Whispers of the Old Gods is the third major expansion for Hearthstone.

After all those additional cards, plus two smaller additions to the game in the form of solo adventures, it's easy to imagine the designers are running low on creativity.

The new "standard" format which limits players to basic and relatively recent cards could be seen as a desperate attempt to keep the game interesting as innovation runs dry.

You could be forgiven for thinking either or both of these things are true. I wondered about them myself when the expansion was first announced. The reality is quite different. The reality is a thrilling shot in the arm.

Mutating

There are 134 cards in this expansion, but it feels like a lot more. Like the other major expansions before it, Whispers is built around a new deck archetype and a novel supporting mechanic.

In this case it's C'Thun, a powerful new minion that everyone gets for free. Many of the new cards interact with C'Thun, whether it's in your deck, your hand, or on the board, buffing its stats or feeding off them to boost other cards.

Each time you do, C'Thun flashes up in the corner of the screen, showcasing his new numbers. If he hits the board, he unleashes his attack as random damage, as well as being a massive presence in his own right.

Watching him build and build, wondering when he might appear in a hand or in play, is like watching the timer on a bomb. The tension ramps up and up until - boom! The game is changed forever, and often won by the summoning player.

Obviously this works best with defensive classes who can stay in the game long enough to build C'Thun's stats and the ten mana he costs to summon.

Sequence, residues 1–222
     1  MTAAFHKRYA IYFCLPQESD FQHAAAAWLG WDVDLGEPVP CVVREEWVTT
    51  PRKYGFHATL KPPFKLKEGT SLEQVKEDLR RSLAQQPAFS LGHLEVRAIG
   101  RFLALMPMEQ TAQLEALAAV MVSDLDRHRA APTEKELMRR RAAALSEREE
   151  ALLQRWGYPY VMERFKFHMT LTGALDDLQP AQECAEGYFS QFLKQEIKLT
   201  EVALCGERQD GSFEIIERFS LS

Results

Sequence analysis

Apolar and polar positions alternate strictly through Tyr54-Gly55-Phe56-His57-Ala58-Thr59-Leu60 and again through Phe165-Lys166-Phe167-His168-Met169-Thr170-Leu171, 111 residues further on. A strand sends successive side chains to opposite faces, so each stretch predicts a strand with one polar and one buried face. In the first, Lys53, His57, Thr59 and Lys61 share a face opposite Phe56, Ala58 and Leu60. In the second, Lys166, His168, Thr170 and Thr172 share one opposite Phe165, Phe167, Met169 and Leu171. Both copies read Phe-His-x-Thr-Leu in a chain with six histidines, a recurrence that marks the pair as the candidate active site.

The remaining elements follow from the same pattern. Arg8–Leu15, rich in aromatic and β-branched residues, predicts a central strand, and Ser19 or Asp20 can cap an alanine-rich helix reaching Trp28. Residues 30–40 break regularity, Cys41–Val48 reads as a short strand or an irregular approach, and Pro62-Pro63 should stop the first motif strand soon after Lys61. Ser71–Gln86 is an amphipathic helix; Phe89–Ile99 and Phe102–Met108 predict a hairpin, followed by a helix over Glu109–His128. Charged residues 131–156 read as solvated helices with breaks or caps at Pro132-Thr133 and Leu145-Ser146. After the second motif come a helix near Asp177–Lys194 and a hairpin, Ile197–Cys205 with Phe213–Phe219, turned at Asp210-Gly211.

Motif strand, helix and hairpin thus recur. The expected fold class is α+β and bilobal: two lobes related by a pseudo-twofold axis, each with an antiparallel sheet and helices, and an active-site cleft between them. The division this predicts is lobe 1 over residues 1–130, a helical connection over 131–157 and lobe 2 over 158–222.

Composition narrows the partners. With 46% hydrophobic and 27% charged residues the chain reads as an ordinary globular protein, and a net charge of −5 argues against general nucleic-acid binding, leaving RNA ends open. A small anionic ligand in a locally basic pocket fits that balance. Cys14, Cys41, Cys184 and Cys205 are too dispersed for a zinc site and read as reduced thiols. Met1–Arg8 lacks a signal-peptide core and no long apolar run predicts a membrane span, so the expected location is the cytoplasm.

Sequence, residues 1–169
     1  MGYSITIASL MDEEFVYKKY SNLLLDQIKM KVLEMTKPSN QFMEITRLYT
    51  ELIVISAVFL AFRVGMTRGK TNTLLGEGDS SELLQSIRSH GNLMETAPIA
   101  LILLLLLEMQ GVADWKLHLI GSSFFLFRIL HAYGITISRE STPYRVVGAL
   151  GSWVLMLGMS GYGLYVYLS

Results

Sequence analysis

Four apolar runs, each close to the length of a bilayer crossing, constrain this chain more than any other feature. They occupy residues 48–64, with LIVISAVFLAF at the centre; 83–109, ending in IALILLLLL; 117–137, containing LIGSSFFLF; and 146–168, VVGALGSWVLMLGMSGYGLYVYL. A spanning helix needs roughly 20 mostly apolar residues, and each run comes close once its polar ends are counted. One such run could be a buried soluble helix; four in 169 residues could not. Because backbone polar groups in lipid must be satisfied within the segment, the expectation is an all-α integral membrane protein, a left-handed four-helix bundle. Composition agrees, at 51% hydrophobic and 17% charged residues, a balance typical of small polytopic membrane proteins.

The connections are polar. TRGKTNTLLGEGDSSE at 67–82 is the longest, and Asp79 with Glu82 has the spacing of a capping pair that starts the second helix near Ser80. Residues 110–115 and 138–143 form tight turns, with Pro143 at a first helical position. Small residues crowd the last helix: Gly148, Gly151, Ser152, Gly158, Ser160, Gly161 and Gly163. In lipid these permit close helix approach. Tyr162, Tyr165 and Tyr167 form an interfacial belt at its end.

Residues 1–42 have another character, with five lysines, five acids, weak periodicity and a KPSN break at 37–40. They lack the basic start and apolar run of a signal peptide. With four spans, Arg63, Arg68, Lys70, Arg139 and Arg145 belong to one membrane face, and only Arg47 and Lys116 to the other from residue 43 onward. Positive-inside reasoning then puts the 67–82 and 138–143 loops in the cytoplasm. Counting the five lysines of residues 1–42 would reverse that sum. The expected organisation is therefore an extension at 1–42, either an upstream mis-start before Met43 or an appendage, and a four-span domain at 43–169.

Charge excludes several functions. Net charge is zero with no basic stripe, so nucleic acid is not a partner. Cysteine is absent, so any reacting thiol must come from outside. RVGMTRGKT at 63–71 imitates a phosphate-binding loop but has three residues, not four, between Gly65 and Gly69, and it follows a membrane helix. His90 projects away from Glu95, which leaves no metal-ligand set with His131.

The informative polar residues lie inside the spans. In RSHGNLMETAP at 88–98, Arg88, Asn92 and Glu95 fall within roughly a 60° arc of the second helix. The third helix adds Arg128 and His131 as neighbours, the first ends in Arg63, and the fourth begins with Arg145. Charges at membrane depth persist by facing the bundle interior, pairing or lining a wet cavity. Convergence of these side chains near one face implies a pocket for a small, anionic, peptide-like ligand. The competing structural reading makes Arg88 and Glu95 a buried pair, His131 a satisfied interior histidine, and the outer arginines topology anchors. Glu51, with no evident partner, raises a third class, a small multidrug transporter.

Yet all the classes have gotten some fantastic new toys to play with in Whispers, whether they want to run C'Thun decks or not. It really is a marvel of design to have shovelled so much creativity into one card set.

Expanding

Paladins, for instance, get two new viable deck styles. Divine Shield has always been a popular class effect, but with Steward of Darkshire and Rallying Blade you can now build a whole deck around it.

Hearthstone has also been pushing Murloc-themed Paladin decks for a while, but none of the previous cards really made it take off. Now, with the aforementioned Steward and the Vilefin Inquisitor, it's finally dragging itself out of the swamps and onto the board.

Almost every class has one or two new powerful archetypes to mess around with.

Shamans, the weakest class in the current meta, have a new Evolve keyword that can instantly upgrade cards already in play to a costlier random alternative.

But the designers haven't forgotten the class needs a boost to stay competitive. Flamewreathed Faceless and Thing From Below bolster existing face Shaman and totem Shaman archetypes magnificently.

Transforming

Playing right now, Hearthstone feels as fresh and exciting as it's ever been. You can't be sure of what you'll meet in the meta, and you're often still guessing two or three turns in as you watch your opponent's play for hints of what they're building toward.

Keeping a game with such a bewildering array of effects in balance is an impossible order. Some cards and some deck types have always been much better than others.

And there lies the only downside to this influx of fresh blood. Although there's now a wide range of decks in circulation, they're falling into two predictable categories, trading off against each other.

Everyone with the right supporting cards wants to run C'Thun for both the novelty value and the power. Everyone else is running highly aggressive decks hell bent on killing C'Thun decks before they can buff and summon that unstoppable monstrosity.

Mid-range builds have gone out of the window. If you have a particular aversion to fast damage aggro decks, the current meta isn't going to be to your liking.

Zoolock, in particular, has made a big comeback with Possessed Villager and Forbidden Ritual able to flood the board with mini minions.

Things will calm down soon enough. They always do. The dust will settle and the glut of experimentation will solidify into a a few favourite archetypes for each class.

Yet when it does, it feels like there will still be a whole lot more possibility in Hearthstone than there was before the Old Gods came to visit.

They've transformed Azeroth, but instead of laying it to waste, they've managed to make it lots more fun.